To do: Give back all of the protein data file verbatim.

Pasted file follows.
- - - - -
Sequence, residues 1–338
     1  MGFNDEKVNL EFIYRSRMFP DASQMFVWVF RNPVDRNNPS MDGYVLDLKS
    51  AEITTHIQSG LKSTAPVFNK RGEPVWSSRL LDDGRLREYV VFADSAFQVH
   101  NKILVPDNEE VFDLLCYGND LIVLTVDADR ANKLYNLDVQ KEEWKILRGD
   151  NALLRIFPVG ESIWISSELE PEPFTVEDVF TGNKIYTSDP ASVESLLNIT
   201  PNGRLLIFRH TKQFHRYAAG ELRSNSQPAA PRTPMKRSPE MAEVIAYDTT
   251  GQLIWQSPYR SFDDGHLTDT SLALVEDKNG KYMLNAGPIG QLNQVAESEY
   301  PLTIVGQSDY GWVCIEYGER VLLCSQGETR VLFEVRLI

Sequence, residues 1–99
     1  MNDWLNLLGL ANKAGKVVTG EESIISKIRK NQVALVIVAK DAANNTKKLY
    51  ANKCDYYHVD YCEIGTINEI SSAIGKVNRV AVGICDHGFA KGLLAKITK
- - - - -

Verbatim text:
Sequence, residues 1–338
     1  MGFNDEKVNL EFIYRSRMFP DASQMFVWVF RNPVDRNNPS MDGYVLDLKS
    51  AEITTHIQSG LKSTAPVFNK RGEPVWSSRL LDDGRLREYV VFADSAFQVH
   101  NKILVPDNEE VFDLLCYGND LIVLTVDADR ANKLYNLDVQ KEEWKILRGD
   151  NALLRIFPVG ESIWISSELE PEPFTVEDVF TGNKIYTSDP ASVESLLNIT
   201  PNGRLLIFRH TKQFHRYAAG ELRSNSQPAA PRTPMKRSPE MAEVIAYDTT
   251  GQLIWQSPYR SFDDGHLTDT SLALVEDKNG KYMLNAGPIG QLNQVAESEY
   301  PLTIVGQSDY GWVCIEYGER VLLCSQGETR VLFEVRLI

Sequence, residues 1–99
     1  MNDWLNLLGL ANKAGKVVTG EESIISKIRK NQVALVIVAK DAANNTKKLY
    51  ANKCDYYHVD YCEIGTINEI SSAIGKVNRV AVGICDHGFA KGLLAKITK